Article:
Kwame Brown's troubled stint might be over

May 13, 2005, midnight | By Adith Sekaran | 15 years, 8 months ago

Good riddance Kwame

We tried and tried harder to be patient with Kwame Brown. Just four years ago, Brown was the first high school to be drafted first overall in the National Basketball Association (NBA) draft. He entered the league a teenager and was supposed to be the cornerstone of the Washington Wizards for years to come. Unfortunately, Brown is now probably done with his troublesome stint with the Wizards as he has been suspended for the rest of the playoffs.

He had everything and people made comparisons to Kevin Garnett when he entered the league. Standing 6' 11" at the age of 19, he had nowhere to go but up. In the predraft camps, he smoked another future prep-to-pro Tyson Chandler in a game of one on one. He impressed everyone during his high school career at Glynn Academy and earned several honors. During his senior season, he was named Mr. Basketball of the state of Georgia, first team on the USA Today All USA team and played for the McDonald's All-America team.

His last season in high school probably led to his being drafted first overall. Brown averaged 20.1 points, 13.3 rebounds, 5.8 blocks, three assists and two steals a game. These numbers understandably awed professional scouts, especially considering the fact that he played that season on bad ankles, according to his high school coach.

So wait what happened? How come four years later his numbers are nowhere near his former stats? His best numbers came in his third season where he averaged nearly 11 points along with seven rebounds. These are not the results that were expected when he came into the league as the first overall pick.

In my mind, Brown's downfall can be partly attributed to the arguably the greatest basketball player of all time, Michael Jordan. Jordan, the president of the Washington Wizards for a short stint at the time of the 2001 NBA draft, made Brown the first overall pick and thus, tossed him into the spotlight.

The Wizards were thrust into national limelight because of Jordan's involvement with the club. Before the 2001 season began, Jordan returned from retirement to play with the Wizards. All of a sudden, the Wizards were Jordan's team. Winning now became a priority for a team that just won 19 games the year before.

Although he was supposed to be the face of the Washington Wizards, Brown was not to make an immediate impact. He was to play for the majority of the 48 minutes a game and develop into one of the league's premier players. The best way to improve as a basketball player is to practice in a competitive way, preferably games.

Playing in 14 minutes a game and only starting three of the games probably got to Brown who was supposed to be the focus of the team. His lack of motivation led to a downward spiral where he was insulted constantly by Jordan and the coach at the time, Doug Collins.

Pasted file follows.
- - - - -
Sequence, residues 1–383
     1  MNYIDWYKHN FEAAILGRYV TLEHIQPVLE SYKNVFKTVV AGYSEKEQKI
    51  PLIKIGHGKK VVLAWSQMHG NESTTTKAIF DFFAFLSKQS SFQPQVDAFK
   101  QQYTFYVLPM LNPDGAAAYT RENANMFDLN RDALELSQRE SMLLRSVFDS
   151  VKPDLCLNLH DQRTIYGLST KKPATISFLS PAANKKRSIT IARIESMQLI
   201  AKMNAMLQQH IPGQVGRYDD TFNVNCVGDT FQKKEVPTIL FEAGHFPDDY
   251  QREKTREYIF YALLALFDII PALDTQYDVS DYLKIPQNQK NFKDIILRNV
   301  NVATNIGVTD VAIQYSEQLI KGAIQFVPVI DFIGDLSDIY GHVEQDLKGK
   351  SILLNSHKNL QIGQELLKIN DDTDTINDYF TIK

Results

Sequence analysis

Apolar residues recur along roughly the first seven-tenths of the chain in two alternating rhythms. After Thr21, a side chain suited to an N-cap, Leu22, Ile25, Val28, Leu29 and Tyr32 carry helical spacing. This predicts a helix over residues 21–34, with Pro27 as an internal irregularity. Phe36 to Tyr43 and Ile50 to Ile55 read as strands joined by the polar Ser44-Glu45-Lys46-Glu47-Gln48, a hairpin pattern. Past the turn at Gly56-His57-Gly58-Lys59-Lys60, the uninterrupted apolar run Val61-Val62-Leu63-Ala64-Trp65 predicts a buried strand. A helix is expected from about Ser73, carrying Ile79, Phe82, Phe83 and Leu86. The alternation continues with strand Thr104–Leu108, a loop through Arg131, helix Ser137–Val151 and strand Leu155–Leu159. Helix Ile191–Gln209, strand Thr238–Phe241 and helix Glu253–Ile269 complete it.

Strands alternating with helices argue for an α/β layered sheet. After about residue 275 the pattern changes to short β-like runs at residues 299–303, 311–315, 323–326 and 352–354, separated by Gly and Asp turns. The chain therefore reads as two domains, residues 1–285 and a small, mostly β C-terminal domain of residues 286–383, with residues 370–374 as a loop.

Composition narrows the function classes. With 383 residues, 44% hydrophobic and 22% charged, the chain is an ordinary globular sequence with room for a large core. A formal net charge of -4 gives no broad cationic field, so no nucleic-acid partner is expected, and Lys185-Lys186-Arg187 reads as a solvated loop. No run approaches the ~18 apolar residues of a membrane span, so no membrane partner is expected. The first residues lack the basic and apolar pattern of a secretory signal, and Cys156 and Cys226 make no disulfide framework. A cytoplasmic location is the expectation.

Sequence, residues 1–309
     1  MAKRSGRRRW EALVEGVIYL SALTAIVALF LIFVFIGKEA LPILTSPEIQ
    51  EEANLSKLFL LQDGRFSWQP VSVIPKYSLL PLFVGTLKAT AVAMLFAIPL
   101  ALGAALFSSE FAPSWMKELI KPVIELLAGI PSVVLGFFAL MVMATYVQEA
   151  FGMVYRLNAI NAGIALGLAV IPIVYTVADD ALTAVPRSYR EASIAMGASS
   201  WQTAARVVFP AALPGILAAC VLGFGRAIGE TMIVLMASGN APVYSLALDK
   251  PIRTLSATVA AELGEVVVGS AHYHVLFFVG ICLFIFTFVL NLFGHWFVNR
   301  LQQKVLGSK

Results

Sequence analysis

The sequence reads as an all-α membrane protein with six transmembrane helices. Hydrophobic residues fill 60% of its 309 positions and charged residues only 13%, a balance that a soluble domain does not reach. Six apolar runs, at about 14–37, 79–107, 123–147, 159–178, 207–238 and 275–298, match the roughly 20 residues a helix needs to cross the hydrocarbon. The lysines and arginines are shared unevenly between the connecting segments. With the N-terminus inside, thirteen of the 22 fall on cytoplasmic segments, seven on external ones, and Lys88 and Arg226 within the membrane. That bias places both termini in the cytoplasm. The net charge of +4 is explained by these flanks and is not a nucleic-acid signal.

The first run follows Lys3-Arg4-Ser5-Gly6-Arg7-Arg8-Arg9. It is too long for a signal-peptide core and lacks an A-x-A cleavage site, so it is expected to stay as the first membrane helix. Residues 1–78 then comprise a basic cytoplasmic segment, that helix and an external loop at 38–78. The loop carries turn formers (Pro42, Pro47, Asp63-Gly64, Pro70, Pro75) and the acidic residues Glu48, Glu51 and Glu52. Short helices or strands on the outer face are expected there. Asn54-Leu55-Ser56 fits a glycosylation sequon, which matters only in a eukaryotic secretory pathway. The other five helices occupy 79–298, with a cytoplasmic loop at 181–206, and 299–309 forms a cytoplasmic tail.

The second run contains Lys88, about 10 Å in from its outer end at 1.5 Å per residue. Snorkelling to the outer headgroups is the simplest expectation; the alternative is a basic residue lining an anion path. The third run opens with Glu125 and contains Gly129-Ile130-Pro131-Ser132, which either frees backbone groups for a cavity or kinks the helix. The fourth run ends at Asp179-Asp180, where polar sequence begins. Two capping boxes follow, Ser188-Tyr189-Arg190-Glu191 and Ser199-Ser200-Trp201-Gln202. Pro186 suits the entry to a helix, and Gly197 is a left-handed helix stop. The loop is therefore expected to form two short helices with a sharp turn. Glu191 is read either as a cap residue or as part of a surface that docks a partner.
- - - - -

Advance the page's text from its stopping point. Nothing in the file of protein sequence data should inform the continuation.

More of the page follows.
Eventually, Brown got fed up with the coaches and the organization. He waited for Jordan and Collins to leave town and hopefully under new management he could play to his potential. However, that offseason the Wizards signed the NBA's Most Improved Player winner Gilbert Arenas and began to focus on winning again.

By this point, Brown felt out of place and whatever he did could not satisfy the Wizards fans who wanted him to become an all star immediately. He showed flashes of brilliance but never for prolonged stretches. His inconsistency frustrated the fans, the coaches and ultimately Brown, who gave up.

The postseason suspension resulted from Brown's skipping of practice. Brown's fourth season has been the most frustrating of all because it was supposed to be his time to shine. Nagging injuries ruined his season, causing him to spend extended time periods off the court and simply sitting on the bench.

Washington would no longer tolerate their former first pick idling around without producing. Every time he would enter home games they would boo him, forcing teammate Gilbert Arenas to plead for them to stop.

For the benefit of Brown and the league, the Wizards should let him leave. He will leave Washington and have a new start. Hopefully, he will go to a team that will embrace and use him. He is still only 23 years old and has time to evolve into a great player just outside of Jordan's and his own tall shadow. If we keep him, he will never be able to shine and meet the high expectations the fans put on him.

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Adith Sekaran. Adith Sekaran is finally a senior at Blair. Adith is a man who is a big time sports fan and can spend any day to its' entirety watching sports or ESPN. Football season is his favorite, which he spends cheering on his ‘Skins to no … More »

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